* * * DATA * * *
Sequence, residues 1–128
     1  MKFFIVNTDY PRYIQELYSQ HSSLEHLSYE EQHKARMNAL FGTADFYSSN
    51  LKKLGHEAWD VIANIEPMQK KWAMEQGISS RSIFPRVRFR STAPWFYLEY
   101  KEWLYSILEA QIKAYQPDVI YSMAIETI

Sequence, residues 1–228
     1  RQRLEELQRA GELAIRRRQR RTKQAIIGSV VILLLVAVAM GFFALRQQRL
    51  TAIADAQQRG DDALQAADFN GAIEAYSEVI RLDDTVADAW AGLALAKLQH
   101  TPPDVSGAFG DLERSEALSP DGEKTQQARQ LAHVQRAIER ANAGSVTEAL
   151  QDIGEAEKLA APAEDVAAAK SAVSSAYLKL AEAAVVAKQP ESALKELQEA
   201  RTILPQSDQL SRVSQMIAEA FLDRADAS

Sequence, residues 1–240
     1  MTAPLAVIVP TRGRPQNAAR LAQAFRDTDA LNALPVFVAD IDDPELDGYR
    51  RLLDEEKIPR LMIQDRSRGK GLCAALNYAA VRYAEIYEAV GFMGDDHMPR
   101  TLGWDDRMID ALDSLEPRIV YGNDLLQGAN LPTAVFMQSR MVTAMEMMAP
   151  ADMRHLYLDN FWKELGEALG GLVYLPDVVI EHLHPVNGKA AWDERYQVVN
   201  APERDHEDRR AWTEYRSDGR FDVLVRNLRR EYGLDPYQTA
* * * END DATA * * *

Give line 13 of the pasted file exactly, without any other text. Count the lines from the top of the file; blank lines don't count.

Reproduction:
    51  RLLDEEKIPR LMIQDRSRGK GLCAALNYAA VRYAEIYEAV GFMGDDHMPR